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Questions and answer session
  1. Barbara Myers, Chair, broadcaster, BBC Radio,
  2. Panel: Professor Martin Cowie, Professor Stanton Newman, Dr Michael Kirby, Dr Neil Campbell, Sue Cradock, Anne McKerracher, Norman Evans

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Question: Does the panel think that metformin will be the aspirin of the 21st century?

Norman Evans: Certainly in America, where metformin has not been widely used until recently and is not available generically, it is fast becoming one of the most widely prescribed drugs.

Sue Cradock: The challenge is that it causes some side effects in some people so I don’t think it will be taken up by everyone.

Michael Kirby: In the metformin studies, exercise and diet did rather better than metformin, so patients may take the pill as the easy option but in fact they can do themselves more good by dieting and exercise.

Martin Cowie: I would make a general comment. If you ask a medical student how to treat a condition they will immediately give you a list of drugs. A lot of people coming through nursing college, medical school, and pharmacy school think that modern medicine is all about drugs. Yet medicines are one part of a very much more complex whole. We would do well to invest a little more in communication and understanding where patients come from when they talk about their health.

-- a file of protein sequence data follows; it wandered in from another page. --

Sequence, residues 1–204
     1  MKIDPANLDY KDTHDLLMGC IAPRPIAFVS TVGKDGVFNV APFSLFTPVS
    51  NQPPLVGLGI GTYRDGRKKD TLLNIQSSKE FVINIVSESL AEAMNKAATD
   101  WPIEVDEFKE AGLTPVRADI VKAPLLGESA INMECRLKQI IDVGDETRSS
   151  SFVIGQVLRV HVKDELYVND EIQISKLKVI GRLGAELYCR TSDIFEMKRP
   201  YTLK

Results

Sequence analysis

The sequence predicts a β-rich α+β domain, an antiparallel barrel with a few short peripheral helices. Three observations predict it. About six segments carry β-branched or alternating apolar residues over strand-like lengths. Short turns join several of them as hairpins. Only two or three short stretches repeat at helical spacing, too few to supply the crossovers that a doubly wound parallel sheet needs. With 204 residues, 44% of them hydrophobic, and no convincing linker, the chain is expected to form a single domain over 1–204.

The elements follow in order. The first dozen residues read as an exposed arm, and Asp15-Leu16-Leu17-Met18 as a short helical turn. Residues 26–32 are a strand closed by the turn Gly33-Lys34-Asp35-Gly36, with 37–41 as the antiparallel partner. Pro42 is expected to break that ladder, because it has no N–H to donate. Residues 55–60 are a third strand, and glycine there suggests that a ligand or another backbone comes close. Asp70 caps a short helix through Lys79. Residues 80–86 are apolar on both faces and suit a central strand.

Question: I am a mother and as a cardiac nurse I feel that I know a lot about healthy diets. My children have packed lunches for school and I try hard to make them healthy, but I still feel I am giving my children far too much salt. I know the government is putting pressure on the food industry to reduce salt but I don’t think it is fast enough.

Sue Cradock: The challenge is around schools and I think that leads back to the issue about having a whole system approach and a strategy around obesity and chronic disease that engages local education authorities and so on. That …

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